Japanese bathing etiquette may be somewhat different than what you are used to home. With countless luxurious hot springs and public bathhouses throughout Japan, bathing is one of Japan's truly great pleasures, and one that you should take ample opportunity to indulge in while in Japan. Before you do, though, here are 3 essential rules of Japanese bathing etiquette that you should be familiar with.
1. Wash Outside, Then Bathe!
The first and most important bathing rule is that in Japan, bathers must first wash themselves outside the bath before getting into the bath! Since public baths and hot springs in Japan are communal, it would be pretty unsanitary if everyone jumped into a common bath and began washing themselves in it. Therefore, Japanese baths provide a separate wash area outside of the actual bath. Just remember, make sure to wash and rinse your body thoroughly before actually getting into the bath!
Home baths in Japan are also shared by the entire family, so the same rule applies. If you are a guest in a Japanese home and are invited to take a bath, be sure to wash thoroughly outside the bath before getting into the bath.
2. Birthday Suits Only in the Onsen
One question many first-time Japan bathers have is whether it is OK to wear a bathing suit in Japanese hot springs (onsen) or public bathhouses (sento). The answer is a resounding NO! Unfortunately you're going to have to cast your modesty aside and bathe in the nude like everyone else.
Don't worry, though. Almost all onsens and bath houses in Japan are separated by gender (a very few still offer "mixed bathing"). Although bathing in the nude in the company of strangers can be a bit awkward at first, the soothing blissfulness of the steaming hot bath will soon absorb every care you have about the world, including your exposed nakedness!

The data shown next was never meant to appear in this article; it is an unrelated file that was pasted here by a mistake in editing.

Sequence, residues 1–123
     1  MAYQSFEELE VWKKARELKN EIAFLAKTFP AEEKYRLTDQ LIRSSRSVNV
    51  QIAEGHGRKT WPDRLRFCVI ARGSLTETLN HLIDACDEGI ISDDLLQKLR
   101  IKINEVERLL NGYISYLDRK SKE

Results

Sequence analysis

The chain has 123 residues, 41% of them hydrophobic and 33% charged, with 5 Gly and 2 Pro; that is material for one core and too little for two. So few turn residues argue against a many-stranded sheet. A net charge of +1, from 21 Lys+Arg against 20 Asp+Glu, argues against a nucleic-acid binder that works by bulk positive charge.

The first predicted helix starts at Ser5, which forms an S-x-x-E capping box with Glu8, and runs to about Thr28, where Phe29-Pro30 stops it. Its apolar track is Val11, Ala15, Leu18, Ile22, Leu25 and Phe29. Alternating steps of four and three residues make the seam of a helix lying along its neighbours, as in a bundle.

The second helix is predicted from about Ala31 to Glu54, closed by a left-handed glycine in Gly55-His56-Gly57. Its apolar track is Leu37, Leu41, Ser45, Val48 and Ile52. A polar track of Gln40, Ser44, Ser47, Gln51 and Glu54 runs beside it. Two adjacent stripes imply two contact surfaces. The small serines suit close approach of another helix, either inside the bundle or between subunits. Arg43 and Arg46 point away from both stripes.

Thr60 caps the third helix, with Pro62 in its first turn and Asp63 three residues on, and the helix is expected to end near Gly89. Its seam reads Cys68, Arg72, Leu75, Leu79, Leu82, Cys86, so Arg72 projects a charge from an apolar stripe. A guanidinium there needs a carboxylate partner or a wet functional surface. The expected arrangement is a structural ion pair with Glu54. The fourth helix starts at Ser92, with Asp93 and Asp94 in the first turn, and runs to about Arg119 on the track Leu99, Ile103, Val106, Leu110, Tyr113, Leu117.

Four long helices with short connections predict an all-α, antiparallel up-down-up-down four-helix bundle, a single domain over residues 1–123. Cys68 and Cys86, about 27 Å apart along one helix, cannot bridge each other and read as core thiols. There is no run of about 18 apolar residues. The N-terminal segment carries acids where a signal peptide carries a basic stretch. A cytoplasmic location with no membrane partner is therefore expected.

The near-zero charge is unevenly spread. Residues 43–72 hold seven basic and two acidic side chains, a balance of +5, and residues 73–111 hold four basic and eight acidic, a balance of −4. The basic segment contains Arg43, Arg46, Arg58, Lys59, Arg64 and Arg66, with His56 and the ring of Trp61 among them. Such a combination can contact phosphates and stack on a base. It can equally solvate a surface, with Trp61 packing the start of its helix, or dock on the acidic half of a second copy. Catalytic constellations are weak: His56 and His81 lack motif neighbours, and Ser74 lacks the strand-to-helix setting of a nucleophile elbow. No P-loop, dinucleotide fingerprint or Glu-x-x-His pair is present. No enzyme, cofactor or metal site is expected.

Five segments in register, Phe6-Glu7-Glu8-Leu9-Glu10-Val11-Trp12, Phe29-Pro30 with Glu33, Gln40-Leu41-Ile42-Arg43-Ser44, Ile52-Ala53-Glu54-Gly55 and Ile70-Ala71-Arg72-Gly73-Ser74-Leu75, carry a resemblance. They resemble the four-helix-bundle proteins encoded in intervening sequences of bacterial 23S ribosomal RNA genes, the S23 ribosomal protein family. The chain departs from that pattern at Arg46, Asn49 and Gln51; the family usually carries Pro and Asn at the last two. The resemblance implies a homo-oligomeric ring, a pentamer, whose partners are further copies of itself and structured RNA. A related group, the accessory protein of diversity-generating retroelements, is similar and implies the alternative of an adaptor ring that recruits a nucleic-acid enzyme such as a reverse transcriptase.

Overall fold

3. Tattoos May be a No-No
In Japan, tattoos (irezumi) are associated with the yakuza, Japan's mafia. Since intimidating yakuza would scare away business, most onsens and bath houses have a rule that strictly forbids tattoos. If you have a prominent tattoo, this may mean that you will not be allowed into onsens or sento. Yes, even though you are a foreigner and obviously not a Japanese gangster, in Japan, rules are inflexible, so no amount of reasoning will convince a proprietor to look the other way.
However, even if you're covered in tattoos, all is not lost. Many onsen have special baths, called "kashi-kiri," that can be rented privately. If you're concerned that your tattoos may prevent you from bathing but you still want to experience Japan's blissful hot springs and bathhouses, see if you can find an onsen with a kashi-kiri you can reserve in advance.
Follow these 3 essential rules of Japanese bathing etiquette, and you'll assure yourself of an unforgettable and culturally correct Japanese bathing experience!
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